Beta-Sitosterol Plant Extract
What is beta-sitosterol plant extract?
Beta-sitosterol is one of many sterols that come from plants (phytosterols) and have a structure like the cholesterol produced in the body. You can find phytosterols in many plants and thus in foods such as rice bran, wheat germ, corn oils, soybeans, and peanuts. Beta-sitosterol is also available as a natural health product.
What is beta-sitosterol used for?
Beta-sitosterol is said to lower cholesterol levels and reduce the risk of some cancers. It also is said to relieve symptoms of benign prostatic hyperplasia (BPH). How beta-sitosterol works is not known. It may be related to cholesterol metabolism or anti-inflammatory effects.
A review of studies done on beta-sitosterol showed that men who took it had fewer symptoms than men who took a placebo. Symptoms were measured using the International Prostate Symptom Score (IPSS). Men who took beta-sitosterol also had a better urine flow rate then men who took a placebo.footnote 1
Research supports the fact that phytosterols, including beta-sitosterol, can reduce cholesterol levels. Some studies suggest that phytosterols may reduce the risk of some cancers, but more research is needed to know how well they really work.
Is beta-sitosterol safe?
Few problems have been reported among men taking beta-sitosterol for BPH. Some men may have problems with their stomach and digestion. Beta-sitosterol's ability to prevent complications of BPH is not known.
Men who have problems urinating should see a doctor to rule out prostate cancer or other diseases. Prostate cancer is treatable, but treatment may be more successful when you find and treat the cancer as early as possible.
Some studies have shown that phytosterols can help lower cholesterol. But the long-term effects of eating foods that have phytosterols added to them (for example, some margarines) or taking phytosterols as a natural health product are not yet known.
The Natural and Non-Prescription Health Products Directorate (NNHPD), within the Health Products and Food Branch of Health Canada, regulates natural health products in Canada. Natural health products, including beta-sitosterol, must be reviewed and approved by the NNHPD before they can be sold in Canada.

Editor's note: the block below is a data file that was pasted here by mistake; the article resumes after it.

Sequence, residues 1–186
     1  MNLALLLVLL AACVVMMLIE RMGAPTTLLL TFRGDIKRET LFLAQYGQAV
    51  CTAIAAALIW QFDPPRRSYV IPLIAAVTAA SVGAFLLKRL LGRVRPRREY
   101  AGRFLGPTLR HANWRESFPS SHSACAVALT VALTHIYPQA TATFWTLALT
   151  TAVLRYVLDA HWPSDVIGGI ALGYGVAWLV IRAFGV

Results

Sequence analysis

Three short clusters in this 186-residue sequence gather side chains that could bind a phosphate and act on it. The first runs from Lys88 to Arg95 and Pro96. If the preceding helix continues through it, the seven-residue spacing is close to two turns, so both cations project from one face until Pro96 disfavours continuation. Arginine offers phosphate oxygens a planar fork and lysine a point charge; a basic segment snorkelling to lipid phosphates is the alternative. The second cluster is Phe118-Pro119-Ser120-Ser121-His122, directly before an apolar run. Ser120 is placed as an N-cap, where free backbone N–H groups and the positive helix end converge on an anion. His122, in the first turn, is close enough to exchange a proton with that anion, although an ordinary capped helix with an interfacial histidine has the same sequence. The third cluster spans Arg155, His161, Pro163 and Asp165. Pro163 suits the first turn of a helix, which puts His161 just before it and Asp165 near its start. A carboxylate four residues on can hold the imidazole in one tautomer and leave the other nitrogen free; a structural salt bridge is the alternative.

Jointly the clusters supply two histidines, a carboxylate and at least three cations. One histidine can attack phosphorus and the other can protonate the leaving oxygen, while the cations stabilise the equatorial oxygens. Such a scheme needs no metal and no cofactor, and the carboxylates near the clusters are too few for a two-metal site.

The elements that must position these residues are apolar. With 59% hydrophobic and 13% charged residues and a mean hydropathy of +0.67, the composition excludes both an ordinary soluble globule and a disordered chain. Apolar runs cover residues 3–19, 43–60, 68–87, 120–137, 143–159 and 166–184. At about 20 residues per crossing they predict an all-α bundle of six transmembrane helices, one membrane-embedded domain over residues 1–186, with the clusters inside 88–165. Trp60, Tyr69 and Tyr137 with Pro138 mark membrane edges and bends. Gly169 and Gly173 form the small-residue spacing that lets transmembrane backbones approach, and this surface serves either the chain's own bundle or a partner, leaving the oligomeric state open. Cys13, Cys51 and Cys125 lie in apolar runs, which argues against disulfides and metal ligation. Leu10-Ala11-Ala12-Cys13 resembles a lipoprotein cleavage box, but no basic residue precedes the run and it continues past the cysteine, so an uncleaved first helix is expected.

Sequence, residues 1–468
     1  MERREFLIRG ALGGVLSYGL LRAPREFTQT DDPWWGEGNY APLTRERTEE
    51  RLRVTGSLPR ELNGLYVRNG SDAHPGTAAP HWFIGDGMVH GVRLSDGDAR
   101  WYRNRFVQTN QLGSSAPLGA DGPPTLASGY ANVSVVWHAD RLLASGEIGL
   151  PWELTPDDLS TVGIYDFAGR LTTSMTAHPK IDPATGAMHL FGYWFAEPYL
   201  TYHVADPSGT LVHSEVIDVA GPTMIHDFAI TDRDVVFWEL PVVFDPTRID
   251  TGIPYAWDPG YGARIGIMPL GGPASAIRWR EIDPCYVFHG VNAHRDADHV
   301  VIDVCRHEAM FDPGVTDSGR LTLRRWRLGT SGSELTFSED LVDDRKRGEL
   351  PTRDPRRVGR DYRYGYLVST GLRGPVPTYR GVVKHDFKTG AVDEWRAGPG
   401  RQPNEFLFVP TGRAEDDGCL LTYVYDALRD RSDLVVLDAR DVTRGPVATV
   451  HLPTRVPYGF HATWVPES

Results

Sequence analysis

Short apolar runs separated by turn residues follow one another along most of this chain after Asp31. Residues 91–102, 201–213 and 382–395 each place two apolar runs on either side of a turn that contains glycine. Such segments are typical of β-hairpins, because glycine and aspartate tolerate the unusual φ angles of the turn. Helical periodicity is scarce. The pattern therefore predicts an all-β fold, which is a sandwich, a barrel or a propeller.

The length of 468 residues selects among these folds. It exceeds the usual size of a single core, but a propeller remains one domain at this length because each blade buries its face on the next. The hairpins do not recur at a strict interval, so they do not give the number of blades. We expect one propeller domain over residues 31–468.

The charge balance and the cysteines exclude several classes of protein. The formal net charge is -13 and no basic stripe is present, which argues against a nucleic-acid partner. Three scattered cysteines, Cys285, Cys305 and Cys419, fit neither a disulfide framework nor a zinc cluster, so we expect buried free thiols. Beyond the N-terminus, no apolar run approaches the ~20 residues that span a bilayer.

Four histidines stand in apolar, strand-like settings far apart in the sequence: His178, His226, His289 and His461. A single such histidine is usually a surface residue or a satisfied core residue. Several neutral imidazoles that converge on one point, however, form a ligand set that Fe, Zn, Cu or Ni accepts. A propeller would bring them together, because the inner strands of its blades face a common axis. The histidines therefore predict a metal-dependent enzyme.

Always tell your doctor if you are using a natural health product or if you are thinking about combining a natural health product with your conventional medical treatment. It may not be safe to forgo your conventional medical treatment and rely only on a natural health product. This is especially important for women who are pregnant or breastfeeding.
When using natural health products, keep in mind the following:
- Like conventional medicines, natural health products may cause side effects, trigger allergic reactions, or interact with prescription and non-prescription medicines or other natural health products you might be taking. A side effect or interaction with another medicine or natural product may make other health conditions worse.
- The way natural health products are manufactured may not be standardized. Because of this, how well they work or any side effects they cause may differ among brands or even within different lots of the same brand. The form of the natural health product that you buy in health food or grocery stores may not be the same as the form used in research.
- Other than for vitamins and minerals, the long-term effects of most natural health products are not known.
- Wilt TJ, et al. (1999). Beta-sitosterols for benign prostatic hyperplasia. Cochrane Database of Systematic Reviews (3).
Other Works Consulted
- Bradford PG, Awad AB (2007). Phytosterols as anticancer compounds. Molecular Nutrition and Food Research, 51(2): 161-70.
- Weingarter O, et al. (2008). Vascular effects of diet supplementation with plant sterols. Journal of the American College of Cardiology, 51(16): 1553.
Primary Medical Reviewer Adam Husney, MD - Family Medicine
Brian O'Brien, MD, FRCPC - Internal Medicine
Specialist Medical Reviewer Kathleen Romito, MD - Family Medicine
Current as ofDecember 6, 2017
Current as of: December 6, 2017
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